1 → 3 → 5 → 7 → 1
2 → 4 → 6 → 8 → 2
or again in the more succinct conventional notation of mathematical permutations,
(1357) (2468)
Here, the corner speakers - the odd numbered ones - are permuted among themselves, and similarly for the even numbered, wall-centred ones. The two groups don't interact. This means the two-switch solution described above can work safely here, if we're willing to sacrifice 45° rotations and use only multiples of 90°. And to be honest, the steadily increasing size of display surfaces these days, both monitors and projector screens, has pushed the milieu of the corner TV unit firmly into the past. I'm fine with 90° increments for now (though I will be returning to 45° before the end of this series).

On the subject of having to flick two independent toggle switches to achieve a particular rotation, and the fact that intermediate, one-up-one-down configurations have no useful purpose, I say meh. We've all seen cases in the field where toggle switches have been physically ganged together with mechanical clamps; go ahead and do that, if the two-switch-operation thing bugs you. I'll be happy with a line joining the two switches notionally, engraved on top of the grey ABS box lid, filled in with my favourite black crayon.

Are You Cereal? (a short diversion)
Shut up.
I did not design and build a binary clock in the 1970s.
You designed and built a binary clock in the 1970s.

Hey, if it's good enough for Wil Wheaton... listen, having to set up your sound stage rotator by encoding binary numbers into toggle switches is a perfectly respectable thing for any nerd to do. In fact imma aggravate your disapproval, by labelling the switches with abstract symbols. Let's see, we'll use a square for the one that cycles the four corner speakers through 90°, and a diamond for the four wall-centric ones. Also, that was a BCD clock, not a binary one. Sheesh.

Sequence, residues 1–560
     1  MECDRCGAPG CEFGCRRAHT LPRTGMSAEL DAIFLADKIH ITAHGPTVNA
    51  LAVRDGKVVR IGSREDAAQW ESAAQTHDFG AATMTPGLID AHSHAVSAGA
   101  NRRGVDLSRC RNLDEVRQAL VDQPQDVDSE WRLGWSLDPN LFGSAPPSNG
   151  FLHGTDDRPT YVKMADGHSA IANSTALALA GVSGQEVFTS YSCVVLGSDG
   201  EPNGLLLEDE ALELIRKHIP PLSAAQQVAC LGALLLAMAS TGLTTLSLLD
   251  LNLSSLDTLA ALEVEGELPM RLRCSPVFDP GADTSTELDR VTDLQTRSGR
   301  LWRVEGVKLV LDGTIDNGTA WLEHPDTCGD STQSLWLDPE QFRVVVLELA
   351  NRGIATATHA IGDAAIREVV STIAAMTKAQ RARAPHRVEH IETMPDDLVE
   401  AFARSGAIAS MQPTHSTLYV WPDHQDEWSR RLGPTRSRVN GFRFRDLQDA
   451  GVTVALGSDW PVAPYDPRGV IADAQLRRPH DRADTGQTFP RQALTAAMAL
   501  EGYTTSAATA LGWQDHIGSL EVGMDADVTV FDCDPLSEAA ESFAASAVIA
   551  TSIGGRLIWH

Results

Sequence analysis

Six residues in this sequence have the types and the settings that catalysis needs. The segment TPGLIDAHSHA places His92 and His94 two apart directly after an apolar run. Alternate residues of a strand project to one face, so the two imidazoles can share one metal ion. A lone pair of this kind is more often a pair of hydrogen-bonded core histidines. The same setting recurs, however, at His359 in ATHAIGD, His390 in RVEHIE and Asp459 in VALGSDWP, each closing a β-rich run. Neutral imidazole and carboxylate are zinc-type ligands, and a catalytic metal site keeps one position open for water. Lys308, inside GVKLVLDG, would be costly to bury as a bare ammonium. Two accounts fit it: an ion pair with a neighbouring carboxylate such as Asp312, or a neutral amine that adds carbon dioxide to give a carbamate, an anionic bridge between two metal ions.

And, we're back in the room. Two of those 4-pole switch pairs wired in cascade give us a 180° rotation, and three pairs 270°. But we can be more economical. Consider implementing the 180° case on its own. We can rotate the room through 180° by four independent but simultaneous pairwise swaps. The associated permutation can be written as:
(15) (37) (26) (48)
 180° twist from two 4PDT switches (or four DPDTs)
These 2-cycles could be implemented with just four DPDT toggles. But since we already assume the availability of 4PDT switches, we might be better off with another couple of those instead. So now we have one pair of switches capable of providing a 90° rotation, and another pair providing 180°. We need new symbols for the two new switches. How about a big plus sign for the one that swaps North with South and East with West, and an X to swap NE with SW and NW with SE.

Now for The Big Reveal: we can cascade these two solutions. When both switch pairs are operated, the 90° and the 180°, then voila, hey presto and alta vista, the composite permutation yields the missing 270° rotation!